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Modern Samizdat Libraries
Samizdat (“self-publishing” in Russian) was the practice of illegally copying and distributing books, manuscripts, and other materials to evade Soviet censorship.
While samizdat initially started with Russian literature and expanded to politically focused materials, it was also reimagined for hacker culture. When Bell Labs made UNIX source code illegal to distribute, the book A Commentary on the UNIX Operating System (which contained an annotated version of the source code) was retracted. Illegally copying and distributing the book was known amongst hackers as samizdat.
In the 90s, the Russian samizdat culture moved online to RuNet (the Russian Internet). Many of the efforts were focused on book digitization. Eventually, these efforts were unified under a single archive called Library Genesis.
Library Genesis has over 2.4 million non-fiction books, 80 million scientific journal articles, 2.2 million fiction books, and 2 million comics. They are distributed via mirrored sites, but you can also download the archive via torrents.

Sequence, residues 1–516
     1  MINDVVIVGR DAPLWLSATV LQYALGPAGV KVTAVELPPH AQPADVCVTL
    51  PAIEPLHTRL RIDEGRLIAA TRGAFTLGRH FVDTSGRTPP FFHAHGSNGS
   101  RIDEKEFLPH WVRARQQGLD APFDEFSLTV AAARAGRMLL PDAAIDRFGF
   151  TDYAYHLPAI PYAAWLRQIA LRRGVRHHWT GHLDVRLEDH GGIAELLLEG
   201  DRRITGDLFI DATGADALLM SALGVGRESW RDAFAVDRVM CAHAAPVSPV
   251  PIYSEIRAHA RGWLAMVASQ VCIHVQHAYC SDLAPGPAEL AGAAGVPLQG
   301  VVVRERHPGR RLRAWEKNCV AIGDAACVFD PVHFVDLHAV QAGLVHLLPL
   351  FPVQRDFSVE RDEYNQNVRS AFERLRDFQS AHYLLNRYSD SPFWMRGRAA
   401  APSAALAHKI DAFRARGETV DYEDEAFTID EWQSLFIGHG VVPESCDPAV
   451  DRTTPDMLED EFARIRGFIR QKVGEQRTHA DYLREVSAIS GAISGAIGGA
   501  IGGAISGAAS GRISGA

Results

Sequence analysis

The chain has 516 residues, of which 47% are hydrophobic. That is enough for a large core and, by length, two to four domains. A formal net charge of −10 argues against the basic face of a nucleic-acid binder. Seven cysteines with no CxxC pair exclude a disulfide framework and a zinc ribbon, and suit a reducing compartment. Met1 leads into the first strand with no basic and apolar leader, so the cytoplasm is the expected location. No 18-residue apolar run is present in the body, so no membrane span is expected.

Library Genesis is obviously illegal around the world. Its existence poses a philosophical trade-off between democratic access to information and the rights and incentives of copyright holders. As recently as 2014, Sci-Hub (a similar archive for scholarly articles) was hosted on Library Genesis. Sci-Hub is also rooted in authoritarian governments (its founder, Alexandra Elbakyan, is from Kazakhstan and studied in Russia).
There’s renewed interest in the archive with the advent of large language models. Many have speculated that the “books1” and “books2” archive used to train GPT-3 is an e-book dump from Library Genesis. Sci-Hub has undoubtedly found its way into the training data of many LLMs.